Tip 3: Consolidate Your Travel During Bonus Periods
When you signed up for the programs you gave them your e-mail address and they began e-mailing you (A LOT). You’re skimming those e-mails looking for special promotions and you ALWAYS sign up for every promotion (remember you don’t reap the reward if you don’t play the game). Even if you don’t think you’ll meet the minimums to receive the reward, you sign up anyway (because you can never predict your future travel). All of the major hotel companies run special promotional campaigns or bonus periods. To get the benefit you have to sign up (which takes less than 30 seconds). Another advantage to you, the bonus periods sometimes do not overlap, so you make the choice to consolidate your travel with the company that is currently running a bonus – and reap the rewards.
Finally, the airlines have experimented with this. Back in the early 2000s, United Airlines used to run a lot of mileage bonuses and U.S. Airways ran a Grand Slam program for many years, but those programs seem to have been eliminated. What you still see are selective promotions to launch a new route or on specific routes.
Tip 4: Keep Your Points and Miles Active
The airline and hotel companies don’t want you accumulating rewards indefinitely. They want to see activity – ideally, they want you paying them money for more flights or stays. But they also want to see you using your points (it decreases their “liabilities”). So, in general, points and miles expire 12 months after you earned them, unless you have activity on your account. This seems to be a confusing topic for some people, so let’s look at an airline example.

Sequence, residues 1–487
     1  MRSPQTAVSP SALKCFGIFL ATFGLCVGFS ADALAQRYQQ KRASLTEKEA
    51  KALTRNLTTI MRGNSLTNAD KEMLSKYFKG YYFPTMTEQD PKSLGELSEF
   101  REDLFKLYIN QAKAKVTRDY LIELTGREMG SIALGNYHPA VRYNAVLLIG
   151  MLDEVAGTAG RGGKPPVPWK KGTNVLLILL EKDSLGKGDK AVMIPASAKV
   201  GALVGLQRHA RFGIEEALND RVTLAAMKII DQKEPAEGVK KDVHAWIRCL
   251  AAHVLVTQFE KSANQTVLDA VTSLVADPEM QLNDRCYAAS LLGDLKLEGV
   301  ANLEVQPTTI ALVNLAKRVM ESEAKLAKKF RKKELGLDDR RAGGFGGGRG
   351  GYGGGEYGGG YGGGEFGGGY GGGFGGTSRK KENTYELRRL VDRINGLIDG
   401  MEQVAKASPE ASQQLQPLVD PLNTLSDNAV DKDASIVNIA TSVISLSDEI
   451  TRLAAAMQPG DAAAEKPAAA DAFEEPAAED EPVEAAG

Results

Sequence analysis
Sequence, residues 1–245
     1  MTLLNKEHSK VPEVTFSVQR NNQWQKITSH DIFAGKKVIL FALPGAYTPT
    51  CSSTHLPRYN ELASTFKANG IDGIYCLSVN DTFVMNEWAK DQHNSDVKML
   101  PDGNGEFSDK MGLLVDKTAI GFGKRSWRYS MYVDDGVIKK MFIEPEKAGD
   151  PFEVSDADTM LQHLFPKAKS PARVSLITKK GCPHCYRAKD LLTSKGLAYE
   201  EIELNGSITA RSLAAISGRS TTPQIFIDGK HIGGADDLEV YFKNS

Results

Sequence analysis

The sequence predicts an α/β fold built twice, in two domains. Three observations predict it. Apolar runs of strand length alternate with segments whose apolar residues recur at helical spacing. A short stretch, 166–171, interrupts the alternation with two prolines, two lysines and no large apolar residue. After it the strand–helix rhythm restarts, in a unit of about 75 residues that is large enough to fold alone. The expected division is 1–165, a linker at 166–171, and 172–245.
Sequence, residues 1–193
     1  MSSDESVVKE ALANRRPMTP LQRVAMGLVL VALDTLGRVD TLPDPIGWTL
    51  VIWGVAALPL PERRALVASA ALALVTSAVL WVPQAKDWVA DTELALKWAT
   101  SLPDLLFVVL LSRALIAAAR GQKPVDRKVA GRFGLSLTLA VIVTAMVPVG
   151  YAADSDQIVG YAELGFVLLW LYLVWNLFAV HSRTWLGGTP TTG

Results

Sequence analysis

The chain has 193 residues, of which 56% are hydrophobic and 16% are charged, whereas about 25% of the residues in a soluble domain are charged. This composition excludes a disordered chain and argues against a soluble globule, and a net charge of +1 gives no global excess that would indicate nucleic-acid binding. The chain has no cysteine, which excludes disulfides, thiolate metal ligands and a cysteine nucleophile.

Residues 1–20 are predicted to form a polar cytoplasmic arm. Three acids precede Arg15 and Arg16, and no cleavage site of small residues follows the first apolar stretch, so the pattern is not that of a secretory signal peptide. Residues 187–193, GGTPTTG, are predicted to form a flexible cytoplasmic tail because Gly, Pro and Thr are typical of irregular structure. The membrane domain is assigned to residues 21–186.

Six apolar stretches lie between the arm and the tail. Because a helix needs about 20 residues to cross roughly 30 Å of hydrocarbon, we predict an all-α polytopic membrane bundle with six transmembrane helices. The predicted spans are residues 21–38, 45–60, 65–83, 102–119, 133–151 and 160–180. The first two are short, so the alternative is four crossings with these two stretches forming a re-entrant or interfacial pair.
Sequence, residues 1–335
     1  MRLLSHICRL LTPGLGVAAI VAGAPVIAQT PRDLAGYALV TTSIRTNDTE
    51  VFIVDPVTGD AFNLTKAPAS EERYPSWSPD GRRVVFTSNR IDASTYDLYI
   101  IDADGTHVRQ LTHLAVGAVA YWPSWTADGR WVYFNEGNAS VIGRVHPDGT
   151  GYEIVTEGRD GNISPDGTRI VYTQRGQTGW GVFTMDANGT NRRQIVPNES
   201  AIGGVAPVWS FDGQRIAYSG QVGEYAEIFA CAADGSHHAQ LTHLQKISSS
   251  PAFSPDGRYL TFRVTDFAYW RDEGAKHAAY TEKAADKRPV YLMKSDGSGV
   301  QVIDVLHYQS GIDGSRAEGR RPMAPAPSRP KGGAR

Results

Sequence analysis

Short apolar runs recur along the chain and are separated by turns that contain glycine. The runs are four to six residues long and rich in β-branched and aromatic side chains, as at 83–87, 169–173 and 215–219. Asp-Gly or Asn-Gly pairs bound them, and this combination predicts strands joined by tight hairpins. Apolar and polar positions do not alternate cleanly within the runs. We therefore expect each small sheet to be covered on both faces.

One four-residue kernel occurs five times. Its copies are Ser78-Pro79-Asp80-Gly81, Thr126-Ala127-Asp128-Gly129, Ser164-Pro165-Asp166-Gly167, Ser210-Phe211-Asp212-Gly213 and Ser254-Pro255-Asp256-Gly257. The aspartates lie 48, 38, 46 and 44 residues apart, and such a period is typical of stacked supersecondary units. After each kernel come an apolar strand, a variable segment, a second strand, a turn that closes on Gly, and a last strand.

If you took a flight on American Airlines in December 2012, those miles would expire in December 2013. However, you also took a flight in January 2013, so the new expiration date for both the Dec. 2012 and the Jan. 2013 flight is now January 2014. Every time you take a flight (or redeem your miles by taking an award flight), that expiration date re-sets. BUT, it doesn’t have to be a flight!
I have a lot of American Airlines miles and ultimately will probably use them for a free flight to South America, but I haven’t flown on American in years. I keep those miles “active” by accumulating “partner” mileage. In other words, I spend money with an American Airlines partner and chose to have the reward accumulate with American. Twice a year, like clockwork, my mother receives flowers on her birthday and on Mother’s Day. I order the flowers with the American Airlines shopping mall and get a mileage credit in my American account, which keeps my miles active.